Think outside the box, whilst inside the box (studio):
As this studio is about working with constraints, I thought i’d google ‘constraints in filmmaking’ and see what comes up. One of the first links was to a journal article by Heidi Philipsen entitled ‘Constraints in Film Making Processes Offer an Exercise to the Imagination’. Interestingly enough the first sentence of her article states: “I would like filmmakers interested in thinking “outside the box” to recognize that they can benefit from being placed “inside a box.” I wonder if Paul had contemplated this whilst choosing the name for this studio.
Throughout her article Philipsen challenges the notion that creativity is an intangible innate quality, existing within the mind of one source, but rather creativity arises from a multitude of sources. Alike all things shared she suggests that creativity is easier to enhance by changing environmental conditions, rather than encouraging people to ‘think more creatively’. Perceiving creativity in this way allows you to see it as an organisationally influenced phenomenon, rather than a psychological and individual phenomenon. Which enables you to have more control over creativity and to encourage creativity once being aware of how it can be environmentally enhanced. As Csikzentmihalyi (1996) states “a genuinely creative accomplishment is almost never the result of a sudden insight, a lightbulb flashing on in the dark, but comes after years of hard work”.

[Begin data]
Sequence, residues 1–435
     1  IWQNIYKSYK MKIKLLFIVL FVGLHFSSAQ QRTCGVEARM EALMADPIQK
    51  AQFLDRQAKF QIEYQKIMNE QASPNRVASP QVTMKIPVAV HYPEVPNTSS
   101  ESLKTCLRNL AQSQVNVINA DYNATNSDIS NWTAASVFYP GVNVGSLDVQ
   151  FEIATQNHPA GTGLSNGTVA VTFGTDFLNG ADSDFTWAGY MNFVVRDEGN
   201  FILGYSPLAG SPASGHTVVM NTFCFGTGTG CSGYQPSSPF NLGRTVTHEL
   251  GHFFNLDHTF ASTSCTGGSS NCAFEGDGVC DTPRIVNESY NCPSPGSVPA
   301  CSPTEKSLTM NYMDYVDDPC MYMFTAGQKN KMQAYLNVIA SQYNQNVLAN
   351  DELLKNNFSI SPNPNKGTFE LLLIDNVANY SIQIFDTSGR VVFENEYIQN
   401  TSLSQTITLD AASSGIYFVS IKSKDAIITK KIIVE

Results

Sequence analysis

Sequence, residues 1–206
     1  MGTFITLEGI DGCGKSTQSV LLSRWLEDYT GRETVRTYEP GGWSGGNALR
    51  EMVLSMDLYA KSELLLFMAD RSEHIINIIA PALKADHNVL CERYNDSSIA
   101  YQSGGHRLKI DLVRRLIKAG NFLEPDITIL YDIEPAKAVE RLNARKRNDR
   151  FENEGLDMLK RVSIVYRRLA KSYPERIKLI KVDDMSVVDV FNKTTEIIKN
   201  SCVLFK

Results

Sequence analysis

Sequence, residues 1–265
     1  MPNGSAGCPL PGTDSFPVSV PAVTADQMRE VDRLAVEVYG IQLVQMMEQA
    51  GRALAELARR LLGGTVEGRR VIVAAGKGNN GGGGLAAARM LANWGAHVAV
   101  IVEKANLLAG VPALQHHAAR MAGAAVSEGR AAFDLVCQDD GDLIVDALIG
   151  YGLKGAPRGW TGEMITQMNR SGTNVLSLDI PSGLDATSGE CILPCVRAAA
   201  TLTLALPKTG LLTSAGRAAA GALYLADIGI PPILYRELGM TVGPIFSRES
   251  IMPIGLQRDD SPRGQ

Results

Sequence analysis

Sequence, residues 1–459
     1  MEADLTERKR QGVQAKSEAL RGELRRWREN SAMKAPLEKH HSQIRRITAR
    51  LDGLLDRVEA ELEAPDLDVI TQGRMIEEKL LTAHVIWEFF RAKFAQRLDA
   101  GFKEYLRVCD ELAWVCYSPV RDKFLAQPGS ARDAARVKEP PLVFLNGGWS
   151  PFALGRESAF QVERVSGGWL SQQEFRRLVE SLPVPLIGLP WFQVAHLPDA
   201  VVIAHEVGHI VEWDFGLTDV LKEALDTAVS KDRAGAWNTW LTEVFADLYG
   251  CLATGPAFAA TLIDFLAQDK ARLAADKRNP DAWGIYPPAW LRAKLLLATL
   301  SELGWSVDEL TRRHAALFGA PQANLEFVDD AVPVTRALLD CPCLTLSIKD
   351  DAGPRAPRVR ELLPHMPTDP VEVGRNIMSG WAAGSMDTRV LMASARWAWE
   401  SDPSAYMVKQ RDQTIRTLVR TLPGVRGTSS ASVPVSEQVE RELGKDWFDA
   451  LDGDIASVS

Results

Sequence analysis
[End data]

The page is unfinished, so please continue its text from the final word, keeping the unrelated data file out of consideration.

Constraints, as Philipsen suggests is one such way to manipulate the environment to enhance creativity. Students who attended The Film School in Denmark, who were forced into working with constraints for their projects eventually considered constraints to be both useful and inspirational. Such constraints included: making a scene with a specific theme, within a specific deadline and with other specific conditions concerning the use of camera, sound, actors etc. Students stated that these constraints ultimately made them feel secure, inspired and focused and encouraged them to become more experimental as each student wanted to make their own ‘personal film’ and not the same kind of film as each of the other students. As many students stated it would have been much more difficult to make a film WITHOUT constraints than with. For it would have increased both the overwhelming options and the associated anxiety.
I for one, would have to agree. Within my second homework task one of the constraints was ‘no camera movement’. This singular constraint meant I could spend a lot more time thinking about shot construction, rather than whether I would move the camera, and if so how and why it would be done. Ultimately I ended up experimenting more with where to place the camera, e.g. placing the camera on a bed and billowing a sheet over it, or placing the camera under a pillow and have it witness the pillow land directly on it. These kind of shots allow the audience to feel physically close to the actions they are witnessing, and to feel as if they are experiencing it first hand.
Until next time,
Louise Alice Wilson